He takes for granted that Christians are always angling for such openings–if not immediately, then “down the road,” as he puts it. When he tells his tribemates to “find out what makes [non-Christians] tick,” it is purely for the purpose of using that information later as part of a conversion attempt.
It simply doesn’t occur to him that in a true friendship (or really, in any relationship based on affection) people don’t actually try to change each other like that. It couldn’t. In Christianity, adherents’ twisted version of love actually requires that they try to fix and change each other constantly. I don’t think very many evangelicals even possess the emotional education or maturity to even approach a friendship on mutually respectful and satisfying terms. Their entire paradigm is based around not accepting each other.
I might also add that Mr. Daffern approaches relationships with non-Christians the way that ancient travelogue writers like Tacitus approached tourism in foreign lands. He talks like he’s describing a potential excursion to the primitive Malombo people to teach us the ways of the exalted Westerner.
They’d never seen evangelicals before…
“Be curious about why [non-Christians] don’t have any interest in spiritual things,” he advises here with what seems like wide-eyed earnestness, like he’s advising his friends to be curious about why we type with our nipples or eat handfuls of dirt. It’s almost like he doesn’t realize that a lot of us do in fact take interest in spiritual matters; we just aren’t interested in something like Christianity because we know that it’s based on false claims and we’ve seen that its groups are nasty.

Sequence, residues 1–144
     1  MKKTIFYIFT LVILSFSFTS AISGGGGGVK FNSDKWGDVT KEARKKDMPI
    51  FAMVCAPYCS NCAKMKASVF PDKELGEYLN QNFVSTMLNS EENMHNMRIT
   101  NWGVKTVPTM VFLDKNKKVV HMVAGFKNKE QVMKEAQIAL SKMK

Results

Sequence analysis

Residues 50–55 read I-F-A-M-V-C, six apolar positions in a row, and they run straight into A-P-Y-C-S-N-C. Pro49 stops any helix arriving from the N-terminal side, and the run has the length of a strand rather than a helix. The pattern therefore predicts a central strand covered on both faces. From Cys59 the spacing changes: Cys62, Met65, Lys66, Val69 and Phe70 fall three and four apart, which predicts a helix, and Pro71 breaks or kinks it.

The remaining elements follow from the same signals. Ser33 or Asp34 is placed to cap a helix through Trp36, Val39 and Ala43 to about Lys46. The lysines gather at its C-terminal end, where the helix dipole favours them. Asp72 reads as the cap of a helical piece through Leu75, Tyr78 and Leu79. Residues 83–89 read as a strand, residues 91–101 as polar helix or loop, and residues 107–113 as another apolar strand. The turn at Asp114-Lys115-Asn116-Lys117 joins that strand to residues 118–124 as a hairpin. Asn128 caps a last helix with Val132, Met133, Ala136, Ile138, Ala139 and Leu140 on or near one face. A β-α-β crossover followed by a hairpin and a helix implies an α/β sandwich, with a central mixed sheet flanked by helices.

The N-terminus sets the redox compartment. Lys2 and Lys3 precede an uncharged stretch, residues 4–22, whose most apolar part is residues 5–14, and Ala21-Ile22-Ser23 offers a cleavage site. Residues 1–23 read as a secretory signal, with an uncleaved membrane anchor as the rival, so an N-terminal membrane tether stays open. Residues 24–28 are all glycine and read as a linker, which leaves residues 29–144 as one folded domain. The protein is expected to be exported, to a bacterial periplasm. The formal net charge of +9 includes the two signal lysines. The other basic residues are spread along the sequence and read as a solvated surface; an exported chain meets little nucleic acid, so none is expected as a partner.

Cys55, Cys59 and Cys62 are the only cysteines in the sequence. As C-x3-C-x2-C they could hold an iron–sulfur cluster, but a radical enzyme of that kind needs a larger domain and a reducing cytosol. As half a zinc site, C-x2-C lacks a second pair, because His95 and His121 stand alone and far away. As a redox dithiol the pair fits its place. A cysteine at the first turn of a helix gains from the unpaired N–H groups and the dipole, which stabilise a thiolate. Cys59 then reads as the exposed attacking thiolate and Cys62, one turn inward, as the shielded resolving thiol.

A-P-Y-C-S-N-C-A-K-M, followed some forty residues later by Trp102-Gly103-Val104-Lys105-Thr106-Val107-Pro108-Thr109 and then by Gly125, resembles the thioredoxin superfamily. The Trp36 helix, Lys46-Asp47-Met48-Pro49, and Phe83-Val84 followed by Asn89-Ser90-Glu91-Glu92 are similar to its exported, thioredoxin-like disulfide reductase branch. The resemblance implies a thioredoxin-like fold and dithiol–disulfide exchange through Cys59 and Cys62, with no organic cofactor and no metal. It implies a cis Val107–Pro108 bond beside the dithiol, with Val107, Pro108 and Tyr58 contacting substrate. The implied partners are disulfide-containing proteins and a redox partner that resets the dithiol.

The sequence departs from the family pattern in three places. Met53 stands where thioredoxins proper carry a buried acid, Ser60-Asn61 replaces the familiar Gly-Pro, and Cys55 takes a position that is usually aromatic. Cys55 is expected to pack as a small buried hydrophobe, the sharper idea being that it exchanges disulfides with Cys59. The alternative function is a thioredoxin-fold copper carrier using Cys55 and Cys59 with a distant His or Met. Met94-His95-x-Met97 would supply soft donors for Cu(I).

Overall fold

Third, Josh Daffern thinks it’s a good idea to show us heathens what “eternal love looks like.” You see, we’re just so distracted that we have no idea what love really is–not unless some TRUE CHRISTIAN™ comes along to show it to us. Real love, of course, is eternal love. And this is shown through acts of sacrifice toward the Christian’s marketing targets: “serving them, caring for them, sacrificing for them.” The Christians doing all this stuff hope to “break through [non-Christians’] temporal facade with a glimpse of eternal love, like the blinding sun breaking through a thick fog.” (BTW, these aren’t scare quotes. They’re all from his post.)
By talking in this way, Mr. Daffern reassures his tribe both of the correctness of their belief in their own superiority and in the effectiveness of their Jesus Auras. Like a lot of emotionally-immature people, they view relationships in really transactional ways: do XYZ, and you will get back ABC from your target. You’ve likely seen this formula expressed in terms of how Nice Guys™ put Niceness Tokens into women in the wild hope that once enough they’ve done enough favors for their target, she will dispense sex back to them.
The problem is, his Niceness Tokens don’t actually exist even in a metaphorical way.
The Problem(s) With Christian Love.